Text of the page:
FLINT, MI, MARCH 2, 2017 -- The residents of Flint, Michigan, are now required to pay their water bills in full. This week, the state formally ended a program that subsidized the water bills of some Flint residents, after a public health crisis rendered the city's water undrinkable nearly three years ago due to lead contamination.
Anna Heaton, a spokeswoman for Gov. Rick Snyder, told ABC News "tests conducted on Flint's tap water in the past three months found that it meets all federal standards, although state officials recommend the use of filters as a precaution."
The state previously provided $41 million in credits to help residents pay their water bills, and is still providing water filters, which Michigan officials advise residents to continue using "due to the chance for disruption to pipes as the city replaces lead service lines."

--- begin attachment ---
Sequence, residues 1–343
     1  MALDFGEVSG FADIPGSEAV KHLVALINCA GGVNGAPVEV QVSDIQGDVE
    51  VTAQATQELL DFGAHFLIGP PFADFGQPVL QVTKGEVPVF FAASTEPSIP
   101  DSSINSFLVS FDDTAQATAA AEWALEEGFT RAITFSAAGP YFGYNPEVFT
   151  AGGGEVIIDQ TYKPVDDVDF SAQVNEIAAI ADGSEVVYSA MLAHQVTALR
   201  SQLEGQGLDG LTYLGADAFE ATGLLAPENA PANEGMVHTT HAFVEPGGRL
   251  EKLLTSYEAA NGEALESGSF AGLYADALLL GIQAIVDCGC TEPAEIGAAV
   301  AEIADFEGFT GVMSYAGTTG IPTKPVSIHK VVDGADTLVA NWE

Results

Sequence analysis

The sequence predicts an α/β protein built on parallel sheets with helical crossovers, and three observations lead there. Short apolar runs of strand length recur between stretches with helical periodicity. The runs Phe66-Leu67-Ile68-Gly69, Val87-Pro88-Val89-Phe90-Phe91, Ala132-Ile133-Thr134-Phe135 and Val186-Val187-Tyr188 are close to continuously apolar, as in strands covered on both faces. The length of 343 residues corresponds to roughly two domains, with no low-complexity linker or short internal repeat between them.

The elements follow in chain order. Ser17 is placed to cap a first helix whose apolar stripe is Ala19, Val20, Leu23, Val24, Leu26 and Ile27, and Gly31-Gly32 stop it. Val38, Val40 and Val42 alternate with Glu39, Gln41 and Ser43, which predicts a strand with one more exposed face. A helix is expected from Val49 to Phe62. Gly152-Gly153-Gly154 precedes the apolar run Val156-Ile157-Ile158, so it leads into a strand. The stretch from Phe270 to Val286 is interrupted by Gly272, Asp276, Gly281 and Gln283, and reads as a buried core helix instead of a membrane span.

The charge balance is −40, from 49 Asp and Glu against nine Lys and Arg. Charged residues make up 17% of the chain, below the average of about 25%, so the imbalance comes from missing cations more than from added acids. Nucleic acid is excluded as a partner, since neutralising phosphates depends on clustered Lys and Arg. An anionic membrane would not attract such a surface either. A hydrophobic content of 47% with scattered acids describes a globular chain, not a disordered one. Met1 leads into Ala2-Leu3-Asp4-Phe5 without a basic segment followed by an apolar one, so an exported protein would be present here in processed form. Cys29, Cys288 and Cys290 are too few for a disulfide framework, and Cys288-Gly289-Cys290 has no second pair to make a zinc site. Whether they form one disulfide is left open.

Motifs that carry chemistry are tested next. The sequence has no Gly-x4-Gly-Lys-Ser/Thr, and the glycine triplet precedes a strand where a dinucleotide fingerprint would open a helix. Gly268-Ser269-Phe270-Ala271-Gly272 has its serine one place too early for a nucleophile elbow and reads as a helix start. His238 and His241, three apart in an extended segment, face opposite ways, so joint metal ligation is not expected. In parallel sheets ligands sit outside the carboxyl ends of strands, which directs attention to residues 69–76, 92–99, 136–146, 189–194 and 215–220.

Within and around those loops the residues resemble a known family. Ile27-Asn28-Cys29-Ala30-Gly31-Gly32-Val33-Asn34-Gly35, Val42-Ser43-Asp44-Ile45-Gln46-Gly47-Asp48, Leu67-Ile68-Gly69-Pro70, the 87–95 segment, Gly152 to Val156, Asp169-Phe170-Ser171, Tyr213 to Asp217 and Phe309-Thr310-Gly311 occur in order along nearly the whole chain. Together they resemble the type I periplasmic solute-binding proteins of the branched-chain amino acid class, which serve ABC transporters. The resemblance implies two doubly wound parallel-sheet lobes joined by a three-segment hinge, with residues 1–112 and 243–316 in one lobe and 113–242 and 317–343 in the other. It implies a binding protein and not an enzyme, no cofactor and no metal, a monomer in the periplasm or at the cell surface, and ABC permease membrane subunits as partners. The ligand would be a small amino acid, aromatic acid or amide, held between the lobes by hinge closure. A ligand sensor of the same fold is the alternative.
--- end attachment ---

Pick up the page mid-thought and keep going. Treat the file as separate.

Residents say they are being asked to pay for water that is still unfit to drink, although tests as recent as last month showed the lead levels in Flint's water to be within federal limits. Last month, residents protested at the State capital, and many residents have asked for the state subsidies to their water bills to continue until the water is safe to drink, without a filter.
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